National Geographic fellow and author Dan Buettner has revealed that pasta could help us live a longer life.

The explorer told his followers on Instagram that pasta is officially the newest longevity food that people can add to their diets to help them extend their lifespan.

Speaking on the platform, Buettner said: "You guys are going to love this! Pasta is the newest longevity food."

The presenter has become well known for his research into five "blue" zones across the world where inhabitants regularly live well into their old age.

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Buettner added: "We found an area here in the Meditteranean region where they eat pasta every single day - up to a quarter kilo of pasta.

"And guess what? Not only did they live longer but they have one fifth the rate of obesity."

The health expert then explained why pasta could actually be healthy for us and be the key to a longer life.

Buettner continued: "Why? Well, maybe because pasta's tightly packed carbohydrates. Although they're simple carbs, because they're so tightly packed that the glycemic reaction is much lower.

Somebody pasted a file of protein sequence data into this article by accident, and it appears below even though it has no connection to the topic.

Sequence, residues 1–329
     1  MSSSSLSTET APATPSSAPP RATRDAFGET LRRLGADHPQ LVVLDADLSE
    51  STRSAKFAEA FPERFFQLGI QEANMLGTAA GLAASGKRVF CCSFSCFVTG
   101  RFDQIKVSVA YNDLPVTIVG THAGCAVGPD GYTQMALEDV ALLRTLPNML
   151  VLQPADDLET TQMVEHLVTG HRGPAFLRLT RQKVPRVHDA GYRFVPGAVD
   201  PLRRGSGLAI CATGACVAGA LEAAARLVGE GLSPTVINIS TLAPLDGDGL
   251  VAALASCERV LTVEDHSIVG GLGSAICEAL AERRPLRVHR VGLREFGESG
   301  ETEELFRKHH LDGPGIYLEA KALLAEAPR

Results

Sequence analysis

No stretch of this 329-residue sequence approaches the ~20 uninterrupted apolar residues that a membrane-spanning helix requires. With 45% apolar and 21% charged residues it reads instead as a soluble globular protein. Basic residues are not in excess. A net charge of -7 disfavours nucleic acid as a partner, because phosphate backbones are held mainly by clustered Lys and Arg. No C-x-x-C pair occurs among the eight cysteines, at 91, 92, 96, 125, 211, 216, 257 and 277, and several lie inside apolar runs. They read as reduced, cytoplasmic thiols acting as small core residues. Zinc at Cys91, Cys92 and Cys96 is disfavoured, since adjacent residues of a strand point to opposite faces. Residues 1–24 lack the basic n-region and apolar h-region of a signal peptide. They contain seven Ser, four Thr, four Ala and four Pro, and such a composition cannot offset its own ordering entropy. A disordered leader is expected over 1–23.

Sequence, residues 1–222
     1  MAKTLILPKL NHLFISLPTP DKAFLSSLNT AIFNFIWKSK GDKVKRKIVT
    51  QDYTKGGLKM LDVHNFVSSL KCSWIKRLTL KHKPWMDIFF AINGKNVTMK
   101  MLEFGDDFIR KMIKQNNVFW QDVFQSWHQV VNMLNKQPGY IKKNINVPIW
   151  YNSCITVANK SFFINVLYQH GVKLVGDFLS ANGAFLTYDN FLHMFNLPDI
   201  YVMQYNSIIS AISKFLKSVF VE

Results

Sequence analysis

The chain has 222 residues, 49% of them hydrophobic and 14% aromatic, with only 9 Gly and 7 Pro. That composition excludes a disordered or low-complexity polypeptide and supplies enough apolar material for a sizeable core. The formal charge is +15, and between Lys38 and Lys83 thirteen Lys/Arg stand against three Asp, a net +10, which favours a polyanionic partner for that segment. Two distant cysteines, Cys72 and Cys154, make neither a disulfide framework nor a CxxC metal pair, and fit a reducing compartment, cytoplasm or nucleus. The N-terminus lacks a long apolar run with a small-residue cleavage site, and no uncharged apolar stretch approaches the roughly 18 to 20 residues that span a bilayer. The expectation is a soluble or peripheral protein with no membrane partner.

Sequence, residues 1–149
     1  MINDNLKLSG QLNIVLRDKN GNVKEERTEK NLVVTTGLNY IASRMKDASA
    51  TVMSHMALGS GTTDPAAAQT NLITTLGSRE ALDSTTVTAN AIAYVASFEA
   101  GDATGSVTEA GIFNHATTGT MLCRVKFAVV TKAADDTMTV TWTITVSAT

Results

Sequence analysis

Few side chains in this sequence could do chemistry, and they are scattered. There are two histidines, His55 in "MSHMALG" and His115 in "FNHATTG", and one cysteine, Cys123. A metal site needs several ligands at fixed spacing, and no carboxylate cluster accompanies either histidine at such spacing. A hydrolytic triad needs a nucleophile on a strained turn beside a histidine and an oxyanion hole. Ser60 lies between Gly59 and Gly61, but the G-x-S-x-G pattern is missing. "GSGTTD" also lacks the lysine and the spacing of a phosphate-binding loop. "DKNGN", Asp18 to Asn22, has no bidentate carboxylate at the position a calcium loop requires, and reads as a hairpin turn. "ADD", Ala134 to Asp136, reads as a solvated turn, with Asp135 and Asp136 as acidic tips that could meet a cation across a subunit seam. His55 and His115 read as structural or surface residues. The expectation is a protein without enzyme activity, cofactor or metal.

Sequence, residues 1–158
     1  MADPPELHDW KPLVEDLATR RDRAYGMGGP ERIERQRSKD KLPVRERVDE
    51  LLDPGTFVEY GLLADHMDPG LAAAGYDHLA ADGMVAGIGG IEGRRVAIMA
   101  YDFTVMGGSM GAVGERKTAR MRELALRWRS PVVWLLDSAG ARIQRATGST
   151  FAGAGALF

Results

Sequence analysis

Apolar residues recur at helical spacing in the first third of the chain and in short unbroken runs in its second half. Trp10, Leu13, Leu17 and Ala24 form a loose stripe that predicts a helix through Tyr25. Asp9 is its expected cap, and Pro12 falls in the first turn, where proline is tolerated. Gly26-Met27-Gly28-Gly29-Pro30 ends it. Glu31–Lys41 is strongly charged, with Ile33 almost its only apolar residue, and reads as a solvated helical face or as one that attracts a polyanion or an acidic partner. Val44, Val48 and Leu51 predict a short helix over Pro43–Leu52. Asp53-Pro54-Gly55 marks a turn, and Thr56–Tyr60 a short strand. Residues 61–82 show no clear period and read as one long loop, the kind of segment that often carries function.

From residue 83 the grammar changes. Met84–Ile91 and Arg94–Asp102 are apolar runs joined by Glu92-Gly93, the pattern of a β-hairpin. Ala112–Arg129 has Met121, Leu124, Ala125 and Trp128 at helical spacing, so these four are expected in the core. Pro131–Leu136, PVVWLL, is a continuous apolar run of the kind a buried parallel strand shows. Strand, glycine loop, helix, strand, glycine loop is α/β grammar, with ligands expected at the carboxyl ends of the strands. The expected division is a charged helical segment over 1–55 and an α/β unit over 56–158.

"When you add some tomato sauce, some olive oil and some beans on the top of it - pasta e fagioli - you get a combination of a slow burn food that gives you all the amino acids when you add it with beans that you need for human sustenance".

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The National Geographic fellow quipped: " So for my money - you wanna live longer? Lots and lots of pasta."

Pasta isn't the only 'longevity' food that Buettner has discovered in his popularised 'Blue Zones' either.

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For instance, one of the regions he studied for his Netflix series: How to Live to 100 - the Nicoya Peninsula - has the "lowest rate of middle-age mortality in the world".

The New York Times bestselling author explained that Nicoyans are likely to live well past middle age which Buettner largely attributes to "the best diet human beings have ever invented."

"Their diet is composed of three foods that I would argue are the best diet human beings have ever invented," Buettner commented.

The explorer continued: "Because of these foods, the people living on the Nicoya Peninsula of Costa Rica are two and half times more likely to reach the age of 92 than people living in the United States or Europe."